All of these things together tell me that this man will be violent in the future and no matter where he is. It doesn't make any difference. Sooner or later he's going to be violent. You can't get worse than what he did except in terms of numbers.
The Court of Criminal Appeals noted that Griffith's conclusion that Flores was not remorseful was based on the fact that " [t]here was no evidence . . . from which he could deduce any remorse or concern or the victim." Flores, 871 S.W.2d at 716. Given that Griffith never spoke to Flores, the fact that he failed to find "evidence" of any given personality trait is not surprising. Griffith's testimony to the extent that an individual with this "personality" would be dangerousness, moreover, was based on the "personality" of someone who would commit this unprovoked murder in general, not Flores's personality in particular.17
In fact, as noted by the dissent on direct appeal, Dr. Griffith's testimony on cross-examination revealed his feeling that he could predict an individual's future dangerousness merely by knowing their crime, and his belief that anyone who committed capital murder in general, or murder in the course of sexual assault in particular, would be a 'future danger' simply for the fact that they committed that particular crime. See Flores, 871 S.W.2d at 724 (Clinton, J., dissenting). As Griffith testified, inter alia,
Q: Anyone convicted of capital murder would, in your opinion would, commit future acts of violence.
A: Yes, that's my opinion. I would not want to, you know, say this for somebody that I didn't know specifically about but everyone that I know about, this is true.
Q: Have you ever testified in a case wherein an individual has been convicted of murder in conjunction with a rape that he would not be a future threat to society and commit future acts of violence?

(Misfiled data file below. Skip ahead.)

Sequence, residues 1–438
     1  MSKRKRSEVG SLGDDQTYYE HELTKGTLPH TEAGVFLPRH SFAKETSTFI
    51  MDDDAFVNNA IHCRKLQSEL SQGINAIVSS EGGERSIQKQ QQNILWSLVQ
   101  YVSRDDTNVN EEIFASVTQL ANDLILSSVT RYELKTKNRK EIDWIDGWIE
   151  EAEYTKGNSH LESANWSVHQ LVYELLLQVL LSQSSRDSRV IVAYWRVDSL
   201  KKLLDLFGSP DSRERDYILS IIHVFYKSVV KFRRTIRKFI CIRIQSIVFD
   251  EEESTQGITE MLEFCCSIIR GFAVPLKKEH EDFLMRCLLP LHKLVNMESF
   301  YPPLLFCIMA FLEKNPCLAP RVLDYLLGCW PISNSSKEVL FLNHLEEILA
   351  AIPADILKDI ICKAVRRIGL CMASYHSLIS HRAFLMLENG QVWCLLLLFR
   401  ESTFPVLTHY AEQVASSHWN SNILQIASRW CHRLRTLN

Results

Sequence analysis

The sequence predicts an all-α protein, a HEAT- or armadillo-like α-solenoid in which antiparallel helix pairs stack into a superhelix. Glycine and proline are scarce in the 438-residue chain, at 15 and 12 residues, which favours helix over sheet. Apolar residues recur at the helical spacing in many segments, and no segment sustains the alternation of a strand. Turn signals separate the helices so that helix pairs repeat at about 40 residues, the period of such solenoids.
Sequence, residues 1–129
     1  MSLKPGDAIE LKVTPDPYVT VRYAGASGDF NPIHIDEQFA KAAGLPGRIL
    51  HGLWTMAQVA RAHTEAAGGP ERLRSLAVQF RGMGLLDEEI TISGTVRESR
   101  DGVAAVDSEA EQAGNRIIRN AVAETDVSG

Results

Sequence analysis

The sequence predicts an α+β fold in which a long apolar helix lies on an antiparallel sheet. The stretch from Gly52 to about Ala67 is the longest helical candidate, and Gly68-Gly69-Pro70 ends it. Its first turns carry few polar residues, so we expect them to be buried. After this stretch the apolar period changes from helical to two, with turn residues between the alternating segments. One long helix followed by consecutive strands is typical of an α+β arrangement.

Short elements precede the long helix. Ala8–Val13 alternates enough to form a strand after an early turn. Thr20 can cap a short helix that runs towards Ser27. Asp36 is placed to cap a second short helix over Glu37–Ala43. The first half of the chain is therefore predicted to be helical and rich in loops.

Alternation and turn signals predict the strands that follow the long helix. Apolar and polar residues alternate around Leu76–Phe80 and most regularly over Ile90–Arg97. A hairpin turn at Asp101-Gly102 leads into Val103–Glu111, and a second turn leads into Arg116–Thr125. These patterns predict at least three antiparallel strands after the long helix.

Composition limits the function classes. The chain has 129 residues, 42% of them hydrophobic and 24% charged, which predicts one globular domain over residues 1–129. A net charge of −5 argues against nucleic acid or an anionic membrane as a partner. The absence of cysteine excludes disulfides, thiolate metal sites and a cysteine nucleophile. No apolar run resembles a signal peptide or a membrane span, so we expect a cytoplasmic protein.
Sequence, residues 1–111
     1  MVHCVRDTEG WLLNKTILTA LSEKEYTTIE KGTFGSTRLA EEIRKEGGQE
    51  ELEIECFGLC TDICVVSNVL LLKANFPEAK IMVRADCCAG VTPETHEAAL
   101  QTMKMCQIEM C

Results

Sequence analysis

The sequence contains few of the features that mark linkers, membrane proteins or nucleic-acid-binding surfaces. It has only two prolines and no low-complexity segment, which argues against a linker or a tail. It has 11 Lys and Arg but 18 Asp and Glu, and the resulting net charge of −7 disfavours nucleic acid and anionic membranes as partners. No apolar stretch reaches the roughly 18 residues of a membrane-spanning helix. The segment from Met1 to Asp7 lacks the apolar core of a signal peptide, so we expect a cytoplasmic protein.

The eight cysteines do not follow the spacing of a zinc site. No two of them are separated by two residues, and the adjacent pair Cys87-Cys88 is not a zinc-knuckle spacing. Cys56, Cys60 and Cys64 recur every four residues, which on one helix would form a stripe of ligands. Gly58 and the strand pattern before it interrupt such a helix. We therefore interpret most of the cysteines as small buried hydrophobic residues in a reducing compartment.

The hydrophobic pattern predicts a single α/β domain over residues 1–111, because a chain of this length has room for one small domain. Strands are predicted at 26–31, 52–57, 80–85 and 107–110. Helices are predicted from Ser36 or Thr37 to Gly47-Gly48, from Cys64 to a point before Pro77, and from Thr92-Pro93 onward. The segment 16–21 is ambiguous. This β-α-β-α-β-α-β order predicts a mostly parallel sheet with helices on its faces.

A: I don't believe so.
Q: So, that is one area that you are firm in?
A: Yes, sir.
Q: Okay. So them basically your bottom line analysis is that the crime itself is all it takes for you to make your prediction?
A: This is, yes, what I started out saying.
Flores, 871 S.W.2d at 724-5 (Clinton, J., dissenting).
In sum, Dr. Griffith testified that Flores would be a "future danger," without examining Flores, because one with the "personality" to commit the crime Flores committed would be a "continuing threat to society." Based almost exclusively on this testimony, and irrespective of Flores's complete lack of a criminal record, family abuse, or truculent past, the jury answered "yes" to the second special issue.18 Accordingly, Flores was sentenced to death.
Flores's crime was undeniably brutal. He waited for the victim outside her workplace, forced her into his car, and drove to a remote location where he sexually assaulted the victim and stabbed her ten times. Under Texas law, the facts of Flores's crime may alone have been sufficient to uphold the jury's finding on the second special issue. See Kunkle v. State, 771 S.W.2d 435, 449 (Tex. Crim. App. 1986) (en banc) ("If the offense was shown to be sufficiently cold-blooded or calculated, then the facts of the offense alone may support a finding that the defendant will pose a continuing threat to society."); Dinkins v. State, 894 S.W.2d 330, 358 (Tex. Crim. App. 1995) (en banc) ("we have typically required those circumstances to be so heinous as to display a 'wanton and callous disregard for human life'"). However, future dangerousness, like any other element of the crime, must be proven beyond a reasonable doubt. See Lewis v. Jeffers, 497 U.S. 764, 780, 110 S. Ct. 3092, 3102, 111 L. Ed. 2d 606 (1990); Brooks v. State, 990 S.W.2d 278, 284 (Tex. Crim. App. 1999) ("The burden is on the State to prove the future dangerousness issue beyond a reasonable doubt."). While a reasonable jury could have found the facts surrounding Flores's crime alone sufficiently egregious to warrant the death penalty, without the benefit of Griffith's "expert" opinion its decision would have been significantly more difficult.